Saturday, August 13, 2011


Opulent Summer

Theocritus 7.135-147 (tr. T.F. Higham):
Dangling above our heads hung canopies
Of whispering elms and rustling poplar-trees;
Near us the water of the sacred well
Dropped from the Nymphs' cave, tinkling as it fell;
On every twig in shadow sat with glee
The sunburnt crickets, chattering busily;
And murmuring afar off in solitude,
Bowered in the deep thorn-brake, the turtle cooed.
All rich delight and luxury was there:
Larks and bright finches singing in the air;
The brown bees flying around the well;
The ring-dove moaning; everywhere the smell
Of opulent summer and of ripening-tide:
Pears at our feet and apples at our side
Rolling in plenteousness; in piles around
Branches, with damsons burdening to the ground,
Strewn for our feast; and from the full wine-tun
Wax of a four-years-aged seal undone.
The same, tr. C.S. Calverley:
A wealth of elm and poplar shook o'erhead;
Hard by, a sacred spring flowed gurgling on
From the Nymphs' grot, and in the sombre boughs
The sweet cicada chirped laboriously.
Hid in the thick thorn-bushes far away
The treefrog's note was heard; the crested lark
Sang with the goldfinch; turtles made their moan,
And o'er the fountain hung the gilded bee.
All of rich summer smacked, of autumn all:
Pears at our feet, and apples at our side
Rolled in luxuriance; branches on the ground
Sprawled, overweighed with damsons; while we brushed
From the cask's head the crust of four long years.
The same, in Andrew Lang's prose version:
And high above our heads waved many a poplar, many an elm tree, while close at hand the sacred water from the nymphs' own cave welled forth with murmurs musical. On shadowy boughs the burnt cicalas kept their chattering toil, far off the little owl cried in the thick thorn brake, the larks and finches were singing, the ring-dove moaned, the yellow bees were flitting about the springs. All breathed the scent of the opulent summer, of the season of fruits; pears at our feet and apples by our sides were rolling plentiful, the tender branches, with wild plums laden, were earthward bowed, and the four-year-old pitch seal was loosened from the mouth of the wine-jars.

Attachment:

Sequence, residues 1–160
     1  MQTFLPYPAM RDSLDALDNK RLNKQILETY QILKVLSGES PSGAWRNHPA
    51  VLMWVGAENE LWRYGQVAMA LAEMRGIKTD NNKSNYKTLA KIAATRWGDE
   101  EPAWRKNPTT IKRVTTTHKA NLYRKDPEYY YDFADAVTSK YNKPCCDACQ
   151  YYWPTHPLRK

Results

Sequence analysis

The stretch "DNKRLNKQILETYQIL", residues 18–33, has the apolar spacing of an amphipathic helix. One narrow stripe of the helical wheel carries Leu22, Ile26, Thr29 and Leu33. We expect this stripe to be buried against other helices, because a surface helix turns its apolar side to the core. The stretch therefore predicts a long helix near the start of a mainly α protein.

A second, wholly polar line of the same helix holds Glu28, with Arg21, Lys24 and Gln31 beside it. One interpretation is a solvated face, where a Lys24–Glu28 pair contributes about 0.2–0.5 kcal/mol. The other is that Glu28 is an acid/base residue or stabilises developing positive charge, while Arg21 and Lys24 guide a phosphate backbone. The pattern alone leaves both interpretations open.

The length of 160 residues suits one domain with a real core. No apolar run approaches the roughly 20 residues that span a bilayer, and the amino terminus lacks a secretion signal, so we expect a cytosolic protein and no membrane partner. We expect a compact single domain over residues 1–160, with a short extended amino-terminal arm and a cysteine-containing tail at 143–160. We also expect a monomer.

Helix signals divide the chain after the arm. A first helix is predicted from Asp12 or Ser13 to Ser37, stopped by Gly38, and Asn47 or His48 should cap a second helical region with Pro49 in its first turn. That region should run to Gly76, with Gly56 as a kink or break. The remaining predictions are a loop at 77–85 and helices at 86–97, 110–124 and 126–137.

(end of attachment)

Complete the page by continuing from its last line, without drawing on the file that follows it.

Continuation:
The Greek:
πολλαὶ δ᾽ ἄμμιν ὕπερθε κατὰ κρατὸς δονέοντο
αἴγειροι πτελέαι τε· τὸ δ᾽ ἐγγύθεν ἱερὸν ὕδωρ
Νυμφᾶν ἐξ ἄντροιο κατειβόμενον κελάρυζε.
τοὶ δὲ ποτὶ σκιαραῖς ὀροδαμνίσιν αἰθαλίωνες
τέττιγες λαλαγεῦντες ἔχον πόνον· ἁ δ᾽ ὀλολυγών
τηλόθεν ἐν πυκιναῖσι βάτων τρύζεσκεν ἀκάνθαις·
ἄειδον κόρυδοι καὶ ἀκανθίδες, ἔστενε τρυγών,
πωτῶντο ξουθαὶ περὶ πίδακας ἀμφὶ μέλισσαι.
πάντ᾽ ὦσδεν θέρεος μάλα πίονος, ὦσδε δ᾽ ὀπώρας.
ὄχναι μὲν πὰρ ποσσί, παρὰ πλευραῖσι δὲ μᾶλα
δαψιλέως ἁμῖν ἐκυλίνδετο· τοὶ δ᾽ ἐκέχυντο
ὄρπακες βραβίλοισι καταβρίθοντες ἔραζε.
τετράενες δὲ πίθων ἀπελύετο κρατὸς ἄλειφαρ.
Claude Monet, Déjeuner sur l'herbe

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